Orangutan: Exclusive to Asia, orangutans are the only surviving species of the Ponginae subfamily. They are also the most arboreal and solitary of the great apes. Bornean and Sumantran orangutans are critically endangered, while other subspecies are endangered due to forest fires, logging, agriculture and poaching. During your trip, you will see them in Borneo.
Borneo pygmy elephant: Found in Borneo, Malaysia and Indonesia, the baby-faced elephants are genetically different from other Asian elephant species. About 1,500 of the endangered subspecies exist at the time of publication. You can see the unique creatures at rehabilitation centers in Borneo.
Sun bear: Native to southeast Asia, the sun bear population is considered vulnerable because of deforestation and commercial hunting. The bears do not hibernate and primarily eat honey, insects and fruit. During your worldwide safari, you’ll see them in Borneo.
Green and hawksbill turtles: Found in Borneo, hawksbill turtle and green turtle swim in the waters of the Atlantic and Pacific Oceans. The hawksbill turtle has a more prominent beak, while the green turtle has larger paddle-like flippers. About 20,000 female hawksbill turtles remain, making them critically endangered. While there is a larger green turtle populace, the declining population makes them endangered.
Jaguar: The only extant Panthera species native to the Americas, jaguars live in the southwestern U.S., throughout Central America, and as far south as Argentina. Threats include loss of habitat and conflicts with ranchers. You can get a unique view of the world’s third largest cat in Brazil.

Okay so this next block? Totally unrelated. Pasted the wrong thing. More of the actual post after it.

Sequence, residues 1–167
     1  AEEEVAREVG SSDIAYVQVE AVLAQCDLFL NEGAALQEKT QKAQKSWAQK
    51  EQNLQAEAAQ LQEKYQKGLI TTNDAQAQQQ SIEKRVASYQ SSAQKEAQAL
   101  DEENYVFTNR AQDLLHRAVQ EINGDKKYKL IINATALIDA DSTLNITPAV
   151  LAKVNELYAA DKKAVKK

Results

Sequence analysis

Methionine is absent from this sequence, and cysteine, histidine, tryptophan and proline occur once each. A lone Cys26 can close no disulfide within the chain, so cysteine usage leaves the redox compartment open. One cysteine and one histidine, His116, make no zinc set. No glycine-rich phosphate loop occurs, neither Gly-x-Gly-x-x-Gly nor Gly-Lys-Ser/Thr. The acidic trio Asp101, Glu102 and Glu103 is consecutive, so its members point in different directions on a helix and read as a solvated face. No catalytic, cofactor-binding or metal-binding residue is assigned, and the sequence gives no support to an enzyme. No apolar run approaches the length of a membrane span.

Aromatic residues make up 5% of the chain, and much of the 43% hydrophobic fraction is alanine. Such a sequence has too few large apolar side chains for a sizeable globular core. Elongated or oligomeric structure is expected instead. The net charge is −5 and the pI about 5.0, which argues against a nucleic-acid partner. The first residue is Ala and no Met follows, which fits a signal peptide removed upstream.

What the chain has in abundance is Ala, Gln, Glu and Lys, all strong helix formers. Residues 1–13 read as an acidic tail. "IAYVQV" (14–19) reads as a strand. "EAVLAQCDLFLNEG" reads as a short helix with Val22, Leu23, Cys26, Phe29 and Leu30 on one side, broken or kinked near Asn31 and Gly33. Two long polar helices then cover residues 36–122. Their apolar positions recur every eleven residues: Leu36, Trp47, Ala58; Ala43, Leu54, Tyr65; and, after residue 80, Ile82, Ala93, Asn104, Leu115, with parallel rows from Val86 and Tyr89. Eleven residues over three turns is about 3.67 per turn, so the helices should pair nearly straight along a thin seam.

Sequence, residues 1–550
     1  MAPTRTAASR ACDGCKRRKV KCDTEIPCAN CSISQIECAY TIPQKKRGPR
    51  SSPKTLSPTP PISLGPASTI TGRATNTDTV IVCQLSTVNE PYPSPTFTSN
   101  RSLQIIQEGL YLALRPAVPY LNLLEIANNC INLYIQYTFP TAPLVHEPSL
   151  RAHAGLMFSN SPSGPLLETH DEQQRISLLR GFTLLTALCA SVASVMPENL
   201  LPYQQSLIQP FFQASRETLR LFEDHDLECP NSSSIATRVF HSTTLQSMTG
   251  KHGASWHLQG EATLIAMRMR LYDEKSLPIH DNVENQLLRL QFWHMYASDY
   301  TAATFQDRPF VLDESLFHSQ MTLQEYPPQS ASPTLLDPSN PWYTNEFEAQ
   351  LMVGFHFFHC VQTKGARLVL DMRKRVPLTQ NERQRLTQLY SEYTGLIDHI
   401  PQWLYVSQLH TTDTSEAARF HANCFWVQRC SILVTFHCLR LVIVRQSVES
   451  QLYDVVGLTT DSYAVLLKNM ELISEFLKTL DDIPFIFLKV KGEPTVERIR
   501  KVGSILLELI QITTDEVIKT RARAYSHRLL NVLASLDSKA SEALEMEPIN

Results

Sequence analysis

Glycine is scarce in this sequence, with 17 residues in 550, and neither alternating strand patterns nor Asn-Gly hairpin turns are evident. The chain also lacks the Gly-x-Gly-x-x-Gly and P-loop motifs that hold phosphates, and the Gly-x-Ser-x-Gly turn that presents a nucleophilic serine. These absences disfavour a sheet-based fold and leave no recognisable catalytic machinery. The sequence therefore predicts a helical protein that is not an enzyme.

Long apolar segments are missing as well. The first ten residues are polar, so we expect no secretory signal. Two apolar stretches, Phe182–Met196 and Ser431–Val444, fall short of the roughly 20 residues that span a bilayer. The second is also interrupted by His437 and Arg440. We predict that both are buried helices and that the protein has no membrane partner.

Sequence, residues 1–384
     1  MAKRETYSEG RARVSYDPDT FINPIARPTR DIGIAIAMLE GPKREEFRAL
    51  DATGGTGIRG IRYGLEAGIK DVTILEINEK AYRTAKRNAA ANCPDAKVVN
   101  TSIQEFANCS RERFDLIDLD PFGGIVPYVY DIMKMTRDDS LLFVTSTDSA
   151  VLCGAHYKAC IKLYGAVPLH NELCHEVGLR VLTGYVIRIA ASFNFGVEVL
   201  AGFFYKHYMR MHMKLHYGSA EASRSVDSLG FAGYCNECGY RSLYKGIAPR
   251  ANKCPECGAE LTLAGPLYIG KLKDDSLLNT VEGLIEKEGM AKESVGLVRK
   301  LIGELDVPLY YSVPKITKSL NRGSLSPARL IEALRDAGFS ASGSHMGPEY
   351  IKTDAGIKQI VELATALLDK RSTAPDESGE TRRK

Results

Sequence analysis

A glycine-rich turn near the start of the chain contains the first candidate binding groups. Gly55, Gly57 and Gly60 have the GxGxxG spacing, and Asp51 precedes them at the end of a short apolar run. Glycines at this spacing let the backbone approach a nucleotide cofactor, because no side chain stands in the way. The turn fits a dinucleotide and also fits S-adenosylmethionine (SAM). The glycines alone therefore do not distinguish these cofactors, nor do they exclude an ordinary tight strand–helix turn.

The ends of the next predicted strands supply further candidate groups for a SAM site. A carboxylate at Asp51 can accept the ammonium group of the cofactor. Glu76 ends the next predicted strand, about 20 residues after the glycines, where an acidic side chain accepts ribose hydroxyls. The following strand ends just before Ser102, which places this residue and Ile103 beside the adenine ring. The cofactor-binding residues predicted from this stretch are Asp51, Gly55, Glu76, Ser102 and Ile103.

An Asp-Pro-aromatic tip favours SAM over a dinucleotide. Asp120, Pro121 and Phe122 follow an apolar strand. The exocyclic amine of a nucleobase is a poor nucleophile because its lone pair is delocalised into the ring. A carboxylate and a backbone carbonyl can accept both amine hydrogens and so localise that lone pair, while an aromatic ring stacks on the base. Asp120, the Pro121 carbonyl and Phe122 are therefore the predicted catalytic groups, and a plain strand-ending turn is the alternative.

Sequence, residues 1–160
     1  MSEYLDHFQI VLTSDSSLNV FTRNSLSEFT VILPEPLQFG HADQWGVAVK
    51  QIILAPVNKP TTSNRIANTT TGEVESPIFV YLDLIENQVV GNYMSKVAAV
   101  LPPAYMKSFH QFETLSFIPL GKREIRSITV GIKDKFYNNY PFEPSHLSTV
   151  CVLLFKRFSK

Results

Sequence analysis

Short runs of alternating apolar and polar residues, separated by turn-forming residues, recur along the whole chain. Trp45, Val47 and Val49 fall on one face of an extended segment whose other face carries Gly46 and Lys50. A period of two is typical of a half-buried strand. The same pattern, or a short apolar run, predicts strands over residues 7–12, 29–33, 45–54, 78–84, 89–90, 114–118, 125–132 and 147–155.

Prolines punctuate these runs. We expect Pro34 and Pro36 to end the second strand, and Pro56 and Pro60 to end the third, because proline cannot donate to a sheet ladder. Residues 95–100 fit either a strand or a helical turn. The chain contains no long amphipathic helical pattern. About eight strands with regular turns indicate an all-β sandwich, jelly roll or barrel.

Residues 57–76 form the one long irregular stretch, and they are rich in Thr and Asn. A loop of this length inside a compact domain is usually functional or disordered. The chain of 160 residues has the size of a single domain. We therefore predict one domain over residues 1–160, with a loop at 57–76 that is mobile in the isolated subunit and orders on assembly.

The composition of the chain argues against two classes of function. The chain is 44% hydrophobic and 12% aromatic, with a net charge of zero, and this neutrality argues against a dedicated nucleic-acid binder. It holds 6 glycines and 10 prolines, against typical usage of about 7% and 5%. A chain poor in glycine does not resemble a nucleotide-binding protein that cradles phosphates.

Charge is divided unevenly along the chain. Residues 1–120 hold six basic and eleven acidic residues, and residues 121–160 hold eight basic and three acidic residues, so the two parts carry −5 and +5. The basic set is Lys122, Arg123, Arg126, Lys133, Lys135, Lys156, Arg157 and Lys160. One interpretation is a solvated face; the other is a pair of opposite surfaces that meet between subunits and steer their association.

Polar bear: Found in the Arctic Circle, polar bears and their 19 subpopulations are a vulnerable species due to habitat losses caused by climate change. Up to 31,000 polar bears remain on the planet. On your worldwide tour, you’ll see them in Canada.
Giant tortoise: Found exclusively on Ecuador’s Galápagos Islands, giant tortoises weigh up to 920 pounds and live up to 250 years. About 14 subspecies of the tortoise exist on the distinct islands. As little as 250 years ago, about 20 species and subspecies existed.
Waved albatross: The only species of the Diomedeidae family that lives in the tropics, waved albatross migrate from Peru to the Galápagos Islands each year. The critically endangered birds have a wingspan of seven to eight feet, long yellow bills and blue feet. There were about 34,700 breeding pairs in 2001.
Penguins: Aquatic, flightless birds, penguins live in the southern hemisphere, in warm and cold climates. While penguins in general are not endangered, some of the 20 living subspecies are threatened. On a trip to Whichaway Camp in Antarctica, you’ll see majestic emperor penguins in their natural habitat.

Accommodation Options

Solio Lodge
Virunga Lodge
Nomads Greystoke Camp
Vakona Forest Lodge
Setam Lodge
Zafara Camp
Hoanib Camp
Whichaway Camp
Mahua Kothi Lodge
Banjaar Tola Lodge
Sepilok Nature Resort
Myne Resort
Lankayan Island
Borneo Rainforest Lodge
M/Y Grace
Southwild Jaguar Flotel
Seal River Heritage Lodge